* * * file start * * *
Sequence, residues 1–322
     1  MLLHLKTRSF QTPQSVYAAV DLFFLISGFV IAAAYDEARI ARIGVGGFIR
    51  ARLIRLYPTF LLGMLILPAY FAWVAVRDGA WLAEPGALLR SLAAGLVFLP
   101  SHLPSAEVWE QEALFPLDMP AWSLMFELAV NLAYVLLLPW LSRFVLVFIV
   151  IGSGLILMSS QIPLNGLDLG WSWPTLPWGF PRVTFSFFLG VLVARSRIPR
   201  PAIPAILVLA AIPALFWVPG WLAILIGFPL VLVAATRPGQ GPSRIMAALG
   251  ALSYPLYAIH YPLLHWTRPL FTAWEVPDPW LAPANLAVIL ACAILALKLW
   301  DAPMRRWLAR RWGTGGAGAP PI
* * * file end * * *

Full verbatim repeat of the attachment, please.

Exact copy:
Sequence, residues 1–322
     1  MLLHLKTRSF QTPQSVYAAV DLFFLISGFV IAAAYDEARI ARIGVGGFIR
    51  ARLIRLYPTF LLGMLILPAY FAWVAVRDGA WLAEPGALLR SLAAGLVFLP
   101  SHLPSAEVWE QEALFPLDMP AWSLMFELAV NLAYVLLLPW LSRFVLVFIV
   151  IGSGLILMSS QIPLNGLDLG WSWPTLPWGF PRVTFSFFLG VLVARSRIPR
   201  PAIPAILVLA AIPALFWVPG WLAILIGFPL VLVAATRPGQ GPSRIMAALG
   251  ALSYPLYAIH YPLLHWTRPL FTAWEVPDPW LAPANLAVIL ACAILALKLW
   301  DAPMRRWLAR RWGTGGAGAP PI